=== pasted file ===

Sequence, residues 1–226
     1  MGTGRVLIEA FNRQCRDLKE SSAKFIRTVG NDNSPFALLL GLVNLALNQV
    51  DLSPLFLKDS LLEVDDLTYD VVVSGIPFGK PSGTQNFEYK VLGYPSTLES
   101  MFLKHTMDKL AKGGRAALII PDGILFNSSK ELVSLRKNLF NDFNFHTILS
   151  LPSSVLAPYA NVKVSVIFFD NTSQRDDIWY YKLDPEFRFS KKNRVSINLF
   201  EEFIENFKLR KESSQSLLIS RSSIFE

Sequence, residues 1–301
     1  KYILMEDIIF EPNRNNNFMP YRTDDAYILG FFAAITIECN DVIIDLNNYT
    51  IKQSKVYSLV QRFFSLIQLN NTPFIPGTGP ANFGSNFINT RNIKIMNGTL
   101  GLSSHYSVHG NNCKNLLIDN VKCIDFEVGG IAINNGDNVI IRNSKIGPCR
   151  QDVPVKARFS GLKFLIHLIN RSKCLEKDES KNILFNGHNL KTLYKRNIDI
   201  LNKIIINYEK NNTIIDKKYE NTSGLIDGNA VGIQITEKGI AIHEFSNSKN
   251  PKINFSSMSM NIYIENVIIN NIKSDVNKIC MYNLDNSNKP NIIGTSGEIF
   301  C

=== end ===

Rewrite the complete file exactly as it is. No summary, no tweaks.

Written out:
Sequence, residues 1–226
     1  MGTGRVLIEA FNRQCRDLKE SSAKFIRTVG NDNSPFALLL GLVNLALNQV
    51  DLSPLFLKDS LLEVDDLTYD VVVSGIPFGK PSGTQNFEYK VLGYPSTLES
   101  MFLKHTMDKL AKGGRAALII PDGILFNSSK ELVSLRKNLF NDFNFHTILS
   151  LPSSVLAPYA NVKVSVIFFD NTSQRDDIWY YKLDPEFRFS KKNRVSINLF
   201  EEFIENFKLR KESSQSLLIS RSSIFE

Sequence, residues 1–301
     1  KYILMEDIIF EPNRNNNFMP YRTDDAYILG FFAAITIECN DVIIDLNNYT
    51  IKQSKVYSLV QRFFSLIQLN NTPFIPGTGP ANFGSNFINT RNIKIMNGTL
   101  GLSSHYSVHG NNCKNLLIDN VKCIDFEVGG IAINNGDNVI IRNSKIGPCR
   151  QDVPVKARFS GLKFLIHLIN RSKCLEKDES KNILFNGHNL KTLYKRNIDI
   201  LNKIIINYEK NNTIIDKKYE NTSGLIDGNA VGIQITEKGI AIHEFSNSKN
   251  PKINFSSMSM NIYIENVIIN NIKSDVNKIC MYNLDNSNKP NIIGTSGEIF
   301  C